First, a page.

Women who are pregnant or trying to conceive but are struggling with substance abuse are placing not only their own mental and physical health in jeopardy but that of the unborn child.
This is according to Dr Bavi Vythilingum, a specialist psychiatrist practising at Netcare Akeso Kenilworth, who said alcohol and other addictive substances can have devastating impacts on a growing foetus, with potentially serious developmental consequences.
“Studies indicate that women who use alcohol during pregnancy are often suffering from mental health conditions such as depression, anxiety or other disorders,” she said.
“Women who are unable to stop drinking, even though they know it can be harmful to their baby, are in desperate need of mental healthcare so that they can better look after themselves as well as the infant for whom they will soon be responsible.
“Different addictive substances all have specific effects during pregnancy, but broadly speaking, they all negatively affect the growth of the foetus, increasing the risks for pre-term labour and low birth weight.
“Alcohol, in particular, can result in babies being born with foetal alcohol syndrome and other foetal alcohol spectrum disorders, which are extremely common in South Africa but often go undiagnosed,” she said.
“Foetal alcohol syndrome includes characteristic facial abnormalities, such as small eyes and a smooth ridge between the upper lip and nose, as well as a number of other internal and external physical deformities.
“It furthermore affects brain and central nervous system development and results in numerous behavioural issues as the child grows up.”
Dr Vythilingum said other foetal alcohol spectrum disorders might have less obvious physical symptoms but can have a devastating impact on the mental development of a child.
“These children will have some degree of intellectual impairment and resulting behavioural issues, such as poor attention span and an inability to concentrate, difficulties with learning language, mathematical challenges and generally being behind in their schooling.
“This will often be coupled with impulsive behaviour and poor judgment, which as they grow older can lead them to experiencing mental illness as well as possibly entering a life of crime.
“Often experiencing anxiety and depression, they may turn to substance abuse themselves as a way of trying to cope with the harsh realities of their life.
“There is an alarming lack of awareness around foetal alcohol spectrum disorders, which are heavily undiagnosed in South Africa.
This is despite the fact that these disorders are a leading cause of generational substance abuse in many communities.
“There is also a misconception that substance use during pregnancy is restricted to lower-income groups but it exists at all levels of society.
“The resulting disorders are entirely preventable and dependant on the mother’s choices.” It is never too late to stop the use of alcohol and other substances during pregnancy, because foetal brain growth continues throughout the gestational period.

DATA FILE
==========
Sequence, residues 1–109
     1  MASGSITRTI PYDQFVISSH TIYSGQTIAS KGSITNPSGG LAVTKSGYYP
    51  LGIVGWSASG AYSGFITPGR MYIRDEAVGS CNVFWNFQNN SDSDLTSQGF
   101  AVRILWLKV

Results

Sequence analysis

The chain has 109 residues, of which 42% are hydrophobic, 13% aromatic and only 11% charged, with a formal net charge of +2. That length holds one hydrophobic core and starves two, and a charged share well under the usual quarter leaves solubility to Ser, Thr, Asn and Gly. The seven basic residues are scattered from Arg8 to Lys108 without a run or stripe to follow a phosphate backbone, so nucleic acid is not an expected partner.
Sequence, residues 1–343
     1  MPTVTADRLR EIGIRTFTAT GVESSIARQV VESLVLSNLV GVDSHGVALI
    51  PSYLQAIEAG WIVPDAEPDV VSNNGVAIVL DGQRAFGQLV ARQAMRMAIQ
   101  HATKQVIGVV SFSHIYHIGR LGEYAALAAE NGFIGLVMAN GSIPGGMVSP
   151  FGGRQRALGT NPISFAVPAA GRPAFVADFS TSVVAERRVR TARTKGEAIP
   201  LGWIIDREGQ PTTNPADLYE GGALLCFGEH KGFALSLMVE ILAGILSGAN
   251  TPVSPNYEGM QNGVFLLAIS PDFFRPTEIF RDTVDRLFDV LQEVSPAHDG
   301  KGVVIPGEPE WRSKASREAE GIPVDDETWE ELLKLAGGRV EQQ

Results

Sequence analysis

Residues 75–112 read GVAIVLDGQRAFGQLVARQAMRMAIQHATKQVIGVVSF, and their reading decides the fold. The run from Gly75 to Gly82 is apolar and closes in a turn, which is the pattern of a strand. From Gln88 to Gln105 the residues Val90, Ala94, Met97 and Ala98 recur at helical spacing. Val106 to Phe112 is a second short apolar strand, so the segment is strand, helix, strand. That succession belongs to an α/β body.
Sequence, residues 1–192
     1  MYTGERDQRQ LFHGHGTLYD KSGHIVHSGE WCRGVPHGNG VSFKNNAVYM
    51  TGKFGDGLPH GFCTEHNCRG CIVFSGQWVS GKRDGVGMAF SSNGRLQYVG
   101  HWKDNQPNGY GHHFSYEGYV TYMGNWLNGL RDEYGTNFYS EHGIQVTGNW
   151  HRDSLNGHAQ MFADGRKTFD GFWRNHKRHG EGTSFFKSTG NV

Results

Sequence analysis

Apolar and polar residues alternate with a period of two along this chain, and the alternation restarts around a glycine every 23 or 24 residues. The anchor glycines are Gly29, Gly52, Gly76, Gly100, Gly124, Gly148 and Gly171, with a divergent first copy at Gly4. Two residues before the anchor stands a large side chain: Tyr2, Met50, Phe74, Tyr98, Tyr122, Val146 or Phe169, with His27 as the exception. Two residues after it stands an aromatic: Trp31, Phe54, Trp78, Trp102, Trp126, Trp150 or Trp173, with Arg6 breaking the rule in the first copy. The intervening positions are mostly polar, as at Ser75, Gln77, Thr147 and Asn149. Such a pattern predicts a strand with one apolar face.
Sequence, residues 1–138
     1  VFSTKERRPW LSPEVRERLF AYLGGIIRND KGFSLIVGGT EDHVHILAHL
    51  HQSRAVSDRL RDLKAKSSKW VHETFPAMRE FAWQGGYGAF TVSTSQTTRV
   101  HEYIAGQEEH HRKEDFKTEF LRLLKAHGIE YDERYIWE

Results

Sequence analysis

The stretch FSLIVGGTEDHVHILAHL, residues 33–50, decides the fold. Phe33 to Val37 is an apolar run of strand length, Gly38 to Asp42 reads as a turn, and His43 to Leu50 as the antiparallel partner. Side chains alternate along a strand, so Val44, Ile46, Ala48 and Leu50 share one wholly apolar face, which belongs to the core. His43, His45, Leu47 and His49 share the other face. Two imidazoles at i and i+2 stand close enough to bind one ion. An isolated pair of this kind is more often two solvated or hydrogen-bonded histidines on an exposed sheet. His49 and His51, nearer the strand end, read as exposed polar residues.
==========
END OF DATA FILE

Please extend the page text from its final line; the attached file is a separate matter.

The sooner you stop, the better your child’s chances of healthy development will be. “By the same token, women who are actively trying to fall pregnant should not use alcohol, smoke or use other addictive substances, such as recreational drugs, at all,” she said.
“Women generally may only find out that they are pregnant around six to eight weeks in, and you may unwittingly expose your unborn child during this period.
“Pregnancy can be a stressful time and may be all the more difficult for those who have pre-existing mental health concerns, such as depression and anxiety.
“It is of the utmost importance for your well-being and that of your child to focus on replacing alcohol and other substances with healthy mechanisms to help you cope, such as breathing exercises, walking or pregnancy yoga.
“It is also essential to seek professional mental help if you find you are unable to stop using substances during your pregnancy, so you can begin to address the underlying concerns and find practical and effective ways of managing these.
“The development of your baby, as well as your own mental state, will be further supported by healthy food choices and maintaining a balanced diet rich in fruits, vegetables, lean protein and fibre, while avoiding processed foods as far as possible.
“Many people who use alcohol to destress are unaware that it increases stress levels over time. “By exercising and supplying your body with good nutrition, you are giving yourself and your baby a stronger foundation.
“Finally, women who need to take certain medications should not stop taking these upon discovering that they are pregnant but should discuss which medicines are safe with their treating doctor.
“Many antidepressants are safe during pregnancy, and it is important to keep a handle on your mental health rather than to turn to alcohol and other substances,” she said.
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